Lucio loved the morning sun. But then he loved dawn even more. that slice of heaven before the world had woken up and the sky and water were joined in a happy marriage of peace serenity and beautiful but shy colors which seemed to greet him as he hurried with the flame and the water and placing the chairs just so. The beautiful dawn that teased him out of his bed and back to the kitchen where stainless steel flasks and casks and gleaming machines waited patiently for him, where the coffee beans piled in mocha piles waiting for the generous and sure touch of fire before spilling their delicious scent to flood the kitchen and the Caffé out the front and into the street. That was the first step, and then Alfredo the gangly pastry chef would come in bringing the beauties as required.  Mrs. Smartelli up the road always wanted her bread here. She said her husband insisted. Then Giorgio would amble in for the paper and the conversation and the coffee, straight from the moka coffeepot. A few other people liked their brew from the moka coffee pot, the more traditional homemade coffee. So as soon as he woke he kept the moka on a burner with a steady supply of grounds.

Before you knew it the Caffé would come alive with the men having an easy morning. Always they would discuss politics and the church; the men laughing raucously and smacking sun tanned hands on knees in hilarity. Sometimes a wife would come in with a flurry of words that was too often said to have a sting and the husband would walk out of the Caffé with his paper in hand headed home obediently with his wife in tow and the Caffé waving him off. Why would he want to leave? The whole Caffé would be engulfed in laughter with men laughing until tears streaked the creases in their eyes and the peace and camaraderie was restored.

They went back with their slice of life, taking the ultimate experience of many years of achieving perfection in the coffee beans they took away in yummy gulps. All the time confessing their love for it in the only Italian words they all seemed to know well. Bene, molto bene. And he would smile. Caffé Buono coffee and food was always going to be good. It definitely had a name to live up to. Even though he loved the tourist they all seemed so measly fleeting that when the winter came and the whipping of the sea drove everyone indoors except of the hardiest of customers congregated in his shop. Even the beautiful Carolina who had been widowed nine years now would brave the angry winds and make it in for her coffee. She would take several pastries with her and made her way uphill after several fortifying cups of espresso.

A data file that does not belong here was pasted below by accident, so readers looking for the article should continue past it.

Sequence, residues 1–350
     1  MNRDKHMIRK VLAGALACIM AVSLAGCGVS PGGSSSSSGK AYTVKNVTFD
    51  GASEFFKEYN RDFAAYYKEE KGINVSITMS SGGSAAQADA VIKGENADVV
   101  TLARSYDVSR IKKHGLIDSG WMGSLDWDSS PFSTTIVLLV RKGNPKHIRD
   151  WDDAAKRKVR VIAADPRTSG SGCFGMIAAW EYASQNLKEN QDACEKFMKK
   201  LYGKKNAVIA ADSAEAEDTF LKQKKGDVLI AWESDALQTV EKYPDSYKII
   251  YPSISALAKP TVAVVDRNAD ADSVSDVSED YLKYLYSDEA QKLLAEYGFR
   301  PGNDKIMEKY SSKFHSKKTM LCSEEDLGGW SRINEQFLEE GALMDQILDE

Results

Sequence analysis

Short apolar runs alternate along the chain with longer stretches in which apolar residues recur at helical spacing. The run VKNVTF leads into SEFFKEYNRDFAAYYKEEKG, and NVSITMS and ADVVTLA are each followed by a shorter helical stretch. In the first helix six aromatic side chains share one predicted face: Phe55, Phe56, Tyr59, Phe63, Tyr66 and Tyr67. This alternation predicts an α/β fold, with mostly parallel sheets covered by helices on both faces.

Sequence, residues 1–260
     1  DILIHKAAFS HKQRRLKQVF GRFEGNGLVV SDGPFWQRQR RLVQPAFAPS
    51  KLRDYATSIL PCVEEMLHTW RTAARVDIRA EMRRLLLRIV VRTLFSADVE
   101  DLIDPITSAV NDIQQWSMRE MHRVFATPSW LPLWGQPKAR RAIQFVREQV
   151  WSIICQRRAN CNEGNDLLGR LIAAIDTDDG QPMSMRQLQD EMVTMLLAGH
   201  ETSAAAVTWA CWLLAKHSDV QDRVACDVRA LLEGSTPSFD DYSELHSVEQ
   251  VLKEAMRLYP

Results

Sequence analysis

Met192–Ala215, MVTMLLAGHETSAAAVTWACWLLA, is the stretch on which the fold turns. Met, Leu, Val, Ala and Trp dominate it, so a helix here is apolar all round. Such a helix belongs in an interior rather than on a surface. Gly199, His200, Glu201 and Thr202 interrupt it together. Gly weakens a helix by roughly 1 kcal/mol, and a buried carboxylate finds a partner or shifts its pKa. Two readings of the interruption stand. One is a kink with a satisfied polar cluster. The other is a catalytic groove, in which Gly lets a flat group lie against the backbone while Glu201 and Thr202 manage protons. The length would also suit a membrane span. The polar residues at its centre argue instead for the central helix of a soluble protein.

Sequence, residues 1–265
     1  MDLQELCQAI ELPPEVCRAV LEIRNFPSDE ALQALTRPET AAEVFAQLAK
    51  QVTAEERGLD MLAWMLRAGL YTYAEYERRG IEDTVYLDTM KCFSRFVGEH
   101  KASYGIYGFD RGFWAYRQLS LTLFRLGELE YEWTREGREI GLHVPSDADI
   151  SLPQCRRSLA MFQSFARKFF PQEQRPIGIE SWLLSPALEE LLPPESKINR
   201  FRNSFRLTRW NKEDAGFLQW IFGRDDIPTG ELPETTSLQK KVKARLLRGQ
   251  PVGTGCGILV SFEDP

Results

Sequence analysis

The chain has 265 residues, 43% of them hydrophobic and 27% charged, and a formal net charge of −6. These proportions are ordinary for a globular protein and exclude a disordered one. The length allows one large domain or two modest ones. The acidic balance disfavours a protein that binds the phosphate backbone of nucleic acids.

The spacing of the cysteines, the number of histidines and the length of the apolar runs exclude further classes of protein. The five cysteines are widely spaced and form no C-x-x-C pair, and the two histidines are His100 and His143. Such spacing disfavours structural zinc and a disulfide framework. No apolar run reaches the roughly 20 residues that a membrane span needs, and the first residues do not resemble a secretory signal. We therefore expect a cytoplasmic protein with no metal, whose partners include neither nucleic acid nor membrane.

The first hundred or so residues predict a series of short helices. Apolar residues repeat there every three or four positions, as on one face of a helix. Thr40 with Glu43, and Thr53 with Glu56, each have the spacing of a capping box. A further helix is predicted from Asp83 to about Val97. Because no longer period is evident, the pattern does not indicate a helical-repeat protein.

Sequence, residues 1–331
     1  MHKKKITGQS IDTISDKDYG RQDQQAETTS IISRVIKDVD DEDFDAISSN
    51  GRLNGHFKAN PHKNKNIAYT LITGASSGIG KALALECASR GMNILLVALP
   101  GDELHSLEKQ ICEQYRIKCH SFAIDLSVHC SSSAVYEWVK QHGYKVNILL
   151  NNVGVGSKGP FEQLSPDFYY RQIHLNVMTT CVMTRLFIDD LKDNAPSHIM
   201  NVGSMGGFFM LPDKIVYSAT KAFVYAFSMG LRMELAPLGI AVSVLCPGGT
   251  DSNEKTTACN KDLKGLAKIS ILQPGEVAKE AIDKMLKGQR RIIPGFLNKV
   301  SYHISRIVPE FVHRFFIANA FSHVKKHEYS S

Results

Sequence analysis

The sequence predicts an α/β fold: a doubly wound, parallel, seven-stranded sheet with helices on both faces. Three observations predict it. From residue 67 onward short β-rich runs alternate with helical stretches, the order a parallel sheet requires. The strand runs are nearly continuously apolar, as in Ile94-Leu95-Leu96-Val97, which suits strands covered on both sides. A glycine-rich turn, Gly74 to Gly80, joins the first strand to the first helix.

When the evening changed the sky so did the face of the restaurant would change , gone would be the casual smattering of chairs in its place were the more intimate arrangement of  tables for the ones who had a desire to dine out. He would give out the pastries in preparation for the sweet cloud of steaming pasta and coffee to compete until they drove the mind to a frenzy of hunger. The menu had much more than to Panini sandwiches, salads, cheeses, dressings, fresh vegetables and several meats and risottos. He was magic with the kitchen and a delight with the pasta; the roasting process was always delicate. Of course the beans were definitely important. He bought the Arabica beans or the Robusta beans, it roasted well and it was always well preserved and the oils would come flooding the beans and the popping sound of the beans protesting in the steel machine.  It was a bit more time under that heat before the beauty was revealed, what is a little pain for a masterpiece in a cup.

Then the day would wind down and they would everyone find their way home with the wives retrieving the husbands amidst gales of laughter and practiced indignation. Then it would remain me and the swirling aroma of the coffee in the air then I would clean off the tables and the chairs returned to positions for the morning. Then I would walk down to the docks where the stars and the moon was winking with loads of coquet to the sea then I would return to my apartment at the top of the Caffé and turn into bed with the sound of the sea drawing and receding lulling me to sleep in the beautiful arms of Collodi the aroma of the coffee. It never went away.